7. National Multiple Sclerosis Society. Other conditions to rule out.

  8. MedlinePlus. CSF Immunoglobulin G (IgG) index.

  9. Deisenhammer F, Zetterberg H, Fitzner B, Zettl UK. The Cerebrospinal Fluid in Multiple Sclerosis. Front Immunol. 2019 Apr 12;10:726. doi:10.3389/fimmu.2019.00726

  10. National Multiple Sclerosis Society. Cerebrospinal Fluid (CSF).

  11. Hardmeier M, Leocani L, Fuhr P. A new role for evoked potentials in MS? Repurposing evoked potentials as biomarkers for clinical trials in MS. Mult Scler. 2017 Sep;23(10):1309-1319. doi:10.1177/1352458517707265

  12. Botchorishvili N, Shiukashvili N, Mikeladze N, Dzagnidze A, Mikava N, Tighashvili M, Janelidze M. Screening of Cognitive Impairment in Patients with Multiple Sclerosis: A Cross-Sectional Study in Georgia. Neurol Res Int. 2021 May 27;2021:5591078. doi:10.1155/2021/5591078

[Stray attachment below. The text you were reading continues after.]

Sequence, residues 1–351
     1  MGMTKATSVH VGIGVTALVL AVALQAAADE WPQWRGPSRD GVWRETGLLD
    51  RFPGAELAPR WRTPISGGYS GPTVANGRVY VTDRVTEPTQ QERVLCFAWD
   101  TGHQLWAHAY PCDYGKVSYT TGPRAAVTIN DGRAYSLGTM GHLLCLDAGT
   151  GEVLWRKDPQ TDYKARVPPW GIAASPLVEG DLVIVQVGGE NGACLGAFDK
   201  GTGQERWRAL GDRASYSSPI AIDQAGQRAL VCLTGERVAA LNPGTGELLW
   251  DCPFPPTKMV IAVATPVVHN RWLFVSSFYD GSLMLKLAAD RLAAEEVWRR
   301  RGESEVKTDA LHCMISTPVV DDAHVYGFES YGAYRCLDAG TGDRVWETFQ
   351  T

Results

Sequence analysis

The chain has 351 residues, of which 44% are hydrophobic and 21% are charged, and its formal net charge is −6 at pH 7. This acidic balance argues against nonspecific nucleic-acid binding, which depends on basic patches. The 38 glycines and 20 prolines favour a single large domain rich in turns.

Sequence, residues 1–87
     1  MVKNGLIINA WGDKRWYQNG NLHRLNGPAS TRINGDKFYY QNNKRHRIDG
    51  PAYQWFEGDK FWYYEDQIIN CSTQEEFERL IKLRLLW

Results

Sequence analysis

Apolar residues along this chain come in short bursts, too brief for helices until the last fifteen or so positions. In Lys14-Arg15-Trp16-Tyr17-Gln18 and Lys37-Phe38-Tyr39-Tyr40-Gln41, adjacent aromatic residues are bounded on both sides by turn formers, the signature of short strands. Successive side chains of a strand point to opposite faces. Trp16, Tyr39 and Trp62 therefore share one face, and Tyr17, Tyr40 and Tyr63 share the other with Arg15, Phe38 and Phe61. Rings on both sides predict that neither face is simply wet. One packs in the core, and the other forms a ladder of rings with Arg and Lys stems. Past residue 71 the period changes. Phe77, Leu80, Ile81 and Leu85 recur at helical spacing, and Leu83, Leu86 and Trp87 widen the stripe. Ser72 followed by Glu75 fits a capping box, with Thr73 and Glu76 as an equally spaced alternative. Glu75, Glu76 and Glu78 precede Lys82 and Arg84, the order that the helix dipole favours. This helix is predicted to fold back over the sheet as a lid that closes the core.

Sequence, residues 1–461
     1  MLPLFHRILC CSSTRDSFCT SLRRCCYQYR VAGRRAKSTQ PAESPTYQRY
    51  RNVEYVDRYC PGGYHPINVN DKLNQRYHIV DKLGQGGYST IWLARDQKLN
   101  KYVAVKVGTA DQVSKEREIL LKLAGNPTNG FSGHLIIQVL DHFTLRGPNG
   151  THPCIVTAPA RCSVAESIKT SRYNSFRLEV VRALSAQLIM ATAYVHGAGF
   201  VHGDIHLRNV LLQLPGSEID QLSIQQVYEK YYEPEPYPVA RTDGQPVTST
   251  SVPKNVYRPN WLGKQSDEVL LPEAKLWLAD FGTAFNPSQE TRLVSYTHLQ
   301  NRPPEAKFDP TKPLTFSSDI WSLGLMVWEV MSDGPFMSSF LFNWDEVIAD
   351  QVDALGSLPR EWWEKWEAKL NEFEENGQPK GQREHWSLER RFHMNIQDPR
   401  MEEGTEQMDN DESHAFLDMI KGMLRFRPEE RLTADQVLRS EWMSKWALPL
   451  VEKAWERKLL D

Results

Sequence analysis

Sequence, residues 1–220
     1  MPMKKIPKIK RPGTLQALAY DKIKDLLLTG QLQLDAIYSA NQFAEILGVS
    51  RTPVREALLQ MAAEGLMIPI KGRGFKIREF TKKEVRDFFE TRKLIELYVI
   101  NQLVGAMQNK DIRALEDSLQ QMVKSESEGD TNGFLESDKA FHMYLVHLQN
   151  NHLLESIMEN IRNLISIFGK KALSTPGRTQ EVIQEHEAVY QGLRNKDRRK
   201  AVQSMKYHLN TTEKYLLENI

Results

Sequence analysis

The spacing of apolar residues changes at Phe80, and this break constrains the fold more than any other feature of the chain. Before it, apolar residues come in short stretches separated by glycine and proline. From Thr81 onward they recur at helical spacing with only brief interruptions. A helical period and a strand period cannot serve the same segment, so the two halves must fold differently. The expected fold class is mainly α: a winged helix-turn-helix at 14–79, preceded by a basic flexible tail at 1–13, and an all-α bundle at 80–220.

13. National Multiple Sclerosis Society. Updated Mcdonald Criteria expected to speed the diagnosis of MS and reduce misdiagnosis.

  14. National Health Service. Multiple sclerosis diagnosis.

  15. Fox E. Melamed E. Frohman E. Diagnosis and Monitoring of Patients With Multiple Sclerosis. Practical Neurology. 2018 July/August;32-38. 

  16. Kaisey M, Solomon AJ, Luu M, Giesser BS, Sicotte NL. Incidence of multiple sclerosis misdiagnosis in referrals to two academic centers. Mult Scler Relat Disord. 2019 May;30:51-56. doi:10.1016/j.msard.2019.01.048

By Angelica Bottaro
Angelica Bottaro is a professional freelance writer with over 5 years of experience. She has been educated in both psychology and journalism, and her dual education has given her the research and writing skills needed to deliver sound and engaging content in the health space.